When she had told them of Cornelius her cousin, their attitude became suddenly mixed; full of confusion; a conjunction of anger and grief; a compound of both vexation and bereavement. Cornelius’s parents had received a telegram from the War Office two months before informing them their son had died on H.M.S Hood. Now as she gazes at the garden, she feels tears on her cheeks and a deep hollow in her breast. Tall, bright, fair haired, fair skinned, Cornelius now dead and me carrying his child, she muses darkly, moving away from the glass and wiping her eyes. The door behind her opens and turning she sees the maid standing there, the sullen expression replaced by one of brightness with a hint of a smile on her lips.
- Mrs Versen says you can come out into the garden, the maid informs gladly as if proclaiming a prized secret.
– She doesn’t mind? Louise asks. The maid shakes her head.
- Madam says you are permitted; she didn’t appear to mind at all, Miss. The maid makes a curtsy and goes to leave the room.
- Wait, Louise says. What’s your name? The maid appears surprised and smiles.
- Ebden, the maid informs, Enid Ebden.
- Have you been here long, Enid? Louise asks.
- Since I was fourteen. About a year or so, Enid says. Louise nods and turns towards the French windows. Enid gazes at the pale-blue dress and white collar of Louise’s dress and wonders if she’d ever get to wear one as good as that, and doubting it, turns away towards the door, and, giving a brief look once more at Louise’s dress, closes the door quietly behind her.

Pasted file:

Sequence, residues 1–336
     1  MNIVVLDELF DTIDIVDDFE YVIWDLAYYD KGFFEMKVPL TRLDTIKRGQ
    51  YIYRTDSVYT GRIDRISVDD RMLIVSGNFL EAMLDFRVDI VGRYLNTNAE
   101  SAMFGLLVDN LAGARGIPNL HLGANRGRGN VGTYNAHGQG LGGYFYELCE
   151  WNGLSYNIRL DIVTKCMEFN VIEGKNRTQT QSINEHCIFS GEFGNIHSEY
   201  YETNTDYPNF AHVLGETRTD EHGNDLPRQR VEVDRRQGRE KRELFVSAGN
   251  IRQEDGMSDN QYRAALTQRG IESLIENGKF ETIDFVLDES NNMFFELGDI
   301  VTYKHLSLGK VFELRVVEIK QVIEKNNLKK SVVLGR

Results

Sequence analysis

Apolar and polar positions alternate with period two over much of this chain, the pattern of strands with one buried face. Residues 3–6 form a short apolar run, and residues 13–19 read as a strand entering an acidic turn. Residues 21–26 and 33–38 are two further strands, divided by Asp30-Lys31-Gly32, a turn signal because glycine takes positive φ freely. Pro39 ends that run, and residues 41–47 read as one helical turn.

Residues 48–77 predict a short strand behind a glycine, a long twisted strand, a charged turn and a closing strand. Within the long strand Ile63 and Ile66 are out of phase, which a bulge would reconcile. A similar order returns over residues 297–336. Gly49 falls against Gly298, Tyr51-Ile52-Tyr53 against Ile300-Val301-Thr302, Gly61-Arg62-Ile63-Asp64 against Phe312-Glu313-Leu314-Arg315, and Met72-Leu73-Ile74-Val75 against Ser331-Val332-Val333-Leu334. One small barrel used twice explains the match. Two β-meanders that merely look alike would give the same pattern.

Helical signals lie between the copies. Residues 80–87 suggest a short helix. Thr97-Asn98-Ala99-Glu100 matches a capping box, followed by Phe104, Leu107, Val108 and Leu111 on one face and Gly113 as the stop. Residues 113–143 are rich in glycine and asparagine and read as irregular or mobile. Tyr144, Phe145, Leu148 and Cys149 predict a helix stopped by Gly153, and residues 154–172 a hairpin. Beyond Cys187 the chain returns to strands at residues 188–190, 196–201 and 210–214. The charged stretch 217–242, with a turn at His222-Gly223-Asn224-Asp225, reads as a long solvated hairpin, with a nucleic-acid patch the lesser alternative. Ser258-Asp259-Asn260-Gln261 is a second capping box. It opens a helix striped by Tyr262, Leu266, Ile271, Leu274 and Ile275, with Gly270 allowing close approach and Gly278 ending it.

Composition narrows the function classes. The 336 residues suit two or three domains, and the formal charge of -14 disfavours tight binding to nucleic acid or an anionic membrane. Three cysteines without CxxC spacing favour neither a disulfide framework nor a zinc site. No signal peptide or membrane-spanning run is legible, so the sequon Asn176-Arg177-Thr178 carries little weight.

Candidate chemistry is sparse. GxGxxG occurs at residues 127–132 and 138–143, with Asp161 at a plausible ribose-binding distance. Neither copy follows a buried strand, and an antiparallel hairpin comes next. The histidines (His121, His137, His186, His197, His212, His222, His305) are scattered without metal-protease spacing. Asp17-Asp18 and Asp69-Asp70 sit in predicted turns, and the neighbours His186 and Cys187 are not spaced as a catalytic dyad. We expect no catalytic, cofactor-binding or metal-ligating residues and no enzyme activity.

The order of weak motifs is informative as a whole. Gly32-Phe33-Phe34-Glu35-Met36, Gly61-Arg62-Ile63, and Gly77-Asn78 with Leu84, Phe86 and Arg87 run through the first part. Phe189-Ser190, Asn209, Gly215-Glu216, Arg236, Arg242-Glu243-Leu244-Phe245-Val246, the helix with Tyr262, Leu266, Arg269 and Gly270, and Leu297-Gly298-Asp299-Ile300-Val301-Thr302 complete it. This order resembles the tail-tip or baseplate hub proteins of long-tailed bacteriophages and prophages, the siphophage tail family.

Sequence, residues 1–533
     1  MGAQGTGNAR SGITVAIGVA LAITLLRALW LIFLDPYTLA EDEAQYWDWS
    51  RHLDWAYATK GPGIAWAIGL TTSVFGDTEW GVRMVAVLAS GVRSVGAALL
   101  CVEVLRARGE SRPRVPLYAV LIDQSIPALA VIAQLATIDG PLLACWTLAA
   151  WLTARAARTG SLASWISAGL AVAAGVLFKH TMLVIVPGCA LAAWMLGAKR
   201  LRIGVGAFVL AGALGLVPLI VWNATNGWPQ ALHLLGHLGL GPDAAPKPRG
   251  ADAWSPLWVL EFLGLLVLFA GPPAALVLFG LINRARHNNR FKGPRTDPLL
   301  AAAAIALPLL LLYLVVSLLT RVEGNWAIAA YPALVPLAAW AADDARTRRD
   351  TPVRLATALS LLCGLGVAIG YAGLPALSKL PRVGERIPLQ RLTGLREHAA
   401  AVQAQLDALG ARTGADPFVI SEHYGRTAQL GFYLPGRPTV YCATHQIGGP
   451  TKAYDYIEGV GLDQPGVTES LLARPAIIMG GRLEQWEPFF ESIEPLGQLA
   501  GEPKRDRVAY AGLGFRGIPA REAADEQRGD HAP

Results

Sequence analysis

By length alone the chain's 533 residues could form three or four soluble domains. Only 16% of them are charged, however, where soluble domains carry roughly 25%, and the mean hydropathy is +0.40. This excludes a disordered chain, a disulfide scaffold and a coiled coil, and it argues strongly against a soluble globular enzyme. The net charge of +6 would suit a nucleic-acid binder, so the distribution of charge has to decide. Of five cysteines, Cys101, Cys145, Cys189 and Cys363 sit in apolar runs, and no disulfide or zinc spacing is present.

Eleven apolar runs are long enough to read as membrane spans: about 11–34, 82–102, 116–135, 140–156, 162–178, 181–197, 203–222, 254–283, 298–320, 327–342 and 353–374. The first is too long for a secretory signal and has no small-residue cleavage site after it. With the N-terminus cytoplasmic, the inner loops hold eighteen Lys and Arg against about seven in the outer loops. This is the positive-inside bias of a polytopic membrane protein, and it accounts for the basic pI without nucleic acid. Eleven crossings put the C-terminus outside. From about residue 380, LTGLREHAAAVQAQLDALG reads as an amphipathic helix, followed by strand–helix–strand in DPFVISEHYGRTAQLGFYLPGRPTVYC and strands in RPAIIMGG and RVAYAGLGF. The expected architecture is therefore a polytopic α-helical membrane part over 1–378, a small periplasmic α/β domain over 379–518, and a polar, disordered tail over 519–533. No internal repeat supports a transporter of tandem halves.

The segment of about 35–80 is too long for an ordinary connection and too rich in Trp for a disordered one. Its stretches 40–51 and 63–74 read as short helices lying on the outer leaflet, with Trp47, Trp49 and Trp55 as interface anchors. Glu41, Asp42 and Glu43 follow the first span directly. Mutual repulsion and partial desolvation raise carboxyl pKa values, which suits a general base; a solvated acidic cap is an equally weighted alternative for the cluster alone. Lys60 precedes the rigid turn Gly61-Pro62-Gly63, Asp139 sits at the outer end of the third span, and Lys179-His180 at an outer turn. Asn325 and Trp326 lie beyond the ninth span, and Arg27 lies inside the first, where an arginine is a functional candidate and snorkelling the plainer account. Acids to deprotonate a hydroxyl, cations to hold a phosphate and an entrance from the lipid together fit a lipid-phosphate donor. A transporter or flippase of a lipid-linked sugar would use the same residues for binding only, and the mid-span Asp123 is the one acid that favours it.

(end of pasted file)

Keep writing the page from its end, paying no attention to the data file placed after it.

The room is quiet. Louise opens the French windows; hesitantly she walks out in to the garden; feels the warmth of the sun upon her face; hears the sound of birds about her head and feels suddenly awake, as if she’d been long in slumber and was now awoken to things anew. She walks carefully and slowly, her bulge before her and her hands resting there like white tired doves. If only Cornelius was here, she muses sadly, moving by the carnations, red ones and white, fresh and innocent. If only it had not happened the way it had; if only they had been careful; had waited; had not been so much in love. And moving slowly along the path by the trees, she catches sight of her aunt amongst the roses. She hesitates and stands still. What will her aunt say? she wonders, feeling suddenly uneasy, feeble and faded. She approaches ploddingly, sensing perspiration, wetness about herself, her feet as if in water. Her aunt lifts her head from the roses where her nose had been sensing the scent, and beckons the child towards her with her right hand as if wishing to share some secret gossip with her. As she stands beside her aunt she feels the coldness from her aunt’s dark brown eyes as they scan over her.
Mrs Versen studies her niece deeply for a few moments without saying a word; she takes in the pale blue dress and bulge; sweeps over the face; settles temporarily upon the small hands, then slowly lifts her dark brown eyes once again to her niece’s innocent-looking, child-like face. – Don’t get to familiar with the servants, Mrs Versen says stiffly. Don’t speak with them, except when necessarily. The woman stands upright and stares about the roses, as if momentarily dismissing her niece from her mind. Louise stands motionless, sensing the wetness spreading; the air hot.